by Greg Mayer
One of the standard things we learn about animals are their modes of reproduction: budding, egg-laying, live-bearing, etc. And one of the standard things we “know” about modes of reproduction is that mammals are live-bearing, and reptiles lay eggs. Neither of these things we “know” is true, though– they are generalities, with exceptions. The platypus and its cousins the echidnas are fairly well known as egg-laying mammals, but that many lizards and snakes are live-bearers is not well known. Lizards and snakes are actually quite adept at evolving viviparity: over 100 instances of independent (i.e. convergent) evolution of live-bearing are known among lizards and snakes, versus only a single (or perhaps two) instances in mammals.
For many years, our foremost student of reptilian live-bearing has been Daniel Blackburn of Trinity College in Connecticut. In a paper in press in the Journal of Morphology, he and Alexander Flemming of Stellenbosch University report the most mammal-like placenta yet found in a reptile.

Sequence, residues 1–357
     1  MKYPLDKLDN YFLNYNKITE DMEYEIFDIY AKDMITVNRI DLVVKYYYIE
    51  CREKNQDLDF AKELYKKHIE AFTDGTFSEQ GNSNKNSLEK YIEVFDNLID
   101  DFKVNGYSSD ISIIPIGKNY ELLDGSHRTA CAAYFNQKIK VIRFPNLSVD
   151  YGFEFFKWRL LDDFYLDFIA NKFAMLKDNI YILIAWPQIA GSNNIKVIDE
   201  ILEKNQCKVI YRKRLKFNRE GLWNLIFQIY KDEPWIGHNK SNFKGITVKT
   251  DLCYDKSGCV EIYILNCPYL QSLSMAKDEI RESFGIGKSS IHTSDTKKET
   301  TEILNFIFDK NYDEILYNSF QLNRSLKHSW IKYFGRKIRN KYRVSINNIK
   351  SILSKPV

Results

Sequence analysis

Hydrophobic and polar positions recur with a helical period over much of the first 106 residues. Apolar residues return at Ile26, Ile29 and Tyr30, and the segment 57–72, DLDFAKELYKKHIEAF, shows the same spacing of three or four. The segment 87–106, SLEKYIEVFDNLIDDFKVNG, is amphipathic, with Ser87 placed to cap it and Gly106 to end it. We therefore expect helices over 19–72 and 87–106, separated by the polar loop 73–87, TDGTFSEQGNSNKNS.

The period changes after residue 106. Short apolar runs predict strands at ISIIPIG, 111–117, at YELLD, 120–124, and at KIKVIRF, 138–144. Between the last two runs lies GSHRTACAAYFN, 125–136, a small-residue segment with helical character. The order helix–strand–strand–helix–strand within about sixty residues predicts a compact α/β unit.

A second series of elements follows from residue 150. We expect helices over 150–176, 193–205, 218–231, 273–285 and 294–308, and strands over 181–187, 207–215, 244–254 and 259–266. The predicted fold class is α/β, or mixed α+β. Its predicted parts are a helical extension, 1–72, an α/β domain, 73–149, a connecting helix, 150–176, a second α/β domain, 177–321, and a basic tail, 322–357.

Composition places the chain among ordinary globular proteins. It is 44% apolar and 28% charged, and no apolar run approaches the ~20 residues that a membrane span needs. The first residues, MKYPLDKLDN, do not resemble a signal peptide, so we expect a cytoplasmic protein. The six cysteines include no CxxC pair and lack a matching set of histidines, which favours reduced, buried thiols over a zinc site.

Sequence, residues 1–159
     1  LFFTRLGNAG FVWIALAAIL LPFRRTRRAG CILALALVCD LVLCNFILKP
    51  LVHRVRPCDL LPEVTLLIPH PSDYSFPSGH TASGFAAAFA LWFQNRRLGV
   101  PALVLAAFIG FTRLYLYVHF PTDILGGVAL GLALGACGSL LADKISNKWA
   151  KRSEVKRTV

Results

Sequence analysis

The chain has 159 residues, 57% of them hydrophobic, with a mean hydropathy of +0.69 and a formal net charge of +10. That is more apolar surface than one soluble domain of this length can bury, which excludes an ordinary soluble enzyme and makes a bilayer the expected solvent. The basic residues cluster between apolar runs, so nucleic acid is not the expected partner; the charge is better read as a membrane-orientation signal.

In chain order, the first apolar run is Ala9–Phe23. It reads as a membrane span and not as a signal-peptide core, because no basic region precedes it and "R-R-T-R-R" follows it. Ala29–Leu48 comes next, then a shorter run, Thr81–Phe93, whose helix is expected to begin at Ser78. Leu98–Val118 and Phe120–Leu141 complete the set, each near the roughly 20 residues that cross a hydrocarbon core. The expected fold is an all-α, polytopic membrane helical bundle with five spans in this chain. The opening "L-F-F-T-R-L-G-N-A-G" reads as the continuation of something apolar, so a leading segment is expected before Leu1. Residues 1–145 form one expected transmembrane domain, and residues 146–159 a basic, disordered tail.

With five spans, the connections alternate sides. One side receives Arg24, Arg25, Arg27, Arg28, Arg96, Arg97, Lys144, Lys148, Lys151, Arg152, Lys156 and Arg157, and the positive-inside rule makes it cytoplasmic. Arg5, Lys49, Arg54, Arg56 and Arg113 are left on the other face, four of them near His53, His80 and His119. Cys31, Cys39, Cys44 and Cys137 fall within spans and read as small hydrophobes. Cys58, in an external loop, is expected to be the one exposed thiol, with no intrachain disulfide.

In most placental reptiles, exchange of nutrients, gases, and wastes occur through juxtaposition of fetal and maternal tissues, but not by direct contact with maternal capillaries. In the African skink Trachylepis ivensi, they have now found that this does occur, a condition previously thought to occur only in mammals. Money quote:
Histological study shows that this species has evolved an extraordinary placental pattern long thought to be confined to mammals, in which fetal tissues invade the uterine lining to contact maternal blood vessels.
This species of skink is not very well known. Blackburn and Flemming did their histological studies on a small series of preserved specimens housed in the scientific collections of the Port Elizabeth Museum in South Africa.
h/t Dominic, Matthew Cobb
Blackburn, D.G. 2006. Squamate reptiles as model organisms for the evolution of viviparity. Herpetological Monographs 20: 131-146. (abstract)
Blackburn, D.G. and A.F. Flemming. 2011. Invasive implantation and intimate placental associations in a placentotrophic african lizard, Trachylepis ivensi (Scincidae). Journal of Morphology in press. (abstract)
Blackburn, D.G., L.J. Vitt and C.A. Beuchat. 1984. Eutherian-like reproductive specializations in a viviparous reptile. Proceedings of the National Academy of Science (USA) 81:4860-4863. (pdf)